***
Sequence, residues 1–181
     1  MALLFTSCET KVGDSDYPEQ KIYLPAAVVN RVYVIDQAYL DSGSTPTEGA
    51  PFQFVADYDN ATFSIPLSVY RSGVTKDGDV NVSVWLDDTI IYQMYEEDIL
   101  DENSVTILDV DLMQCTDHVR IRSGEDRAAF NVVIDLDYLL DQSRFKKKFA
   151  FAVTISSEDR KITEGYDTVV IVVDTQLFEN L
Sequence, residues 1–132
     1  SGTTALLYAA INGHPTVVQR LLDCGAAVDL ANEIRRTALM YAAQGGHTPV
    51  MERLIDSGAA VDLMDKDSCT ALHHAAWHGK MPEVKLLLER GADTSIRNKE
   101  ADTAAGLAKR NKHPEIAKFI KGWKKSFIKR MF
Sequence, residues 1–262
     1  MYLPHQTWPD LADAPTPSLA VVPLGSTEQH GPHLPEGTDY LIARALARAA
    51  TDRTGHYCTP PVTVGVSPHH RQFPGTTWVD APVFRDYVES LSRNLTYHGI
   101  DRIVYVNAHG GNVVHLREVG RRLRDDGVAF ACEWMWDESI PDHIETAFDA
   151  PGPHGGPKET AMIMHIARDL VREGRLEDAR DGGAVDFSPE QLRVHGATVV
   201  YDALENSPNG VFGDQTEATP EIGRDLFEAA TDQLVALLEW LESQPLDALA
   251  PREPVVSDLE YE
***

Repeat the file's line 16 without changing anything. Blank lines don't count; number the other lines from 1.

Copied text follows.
   251  PREPVVSDLE YE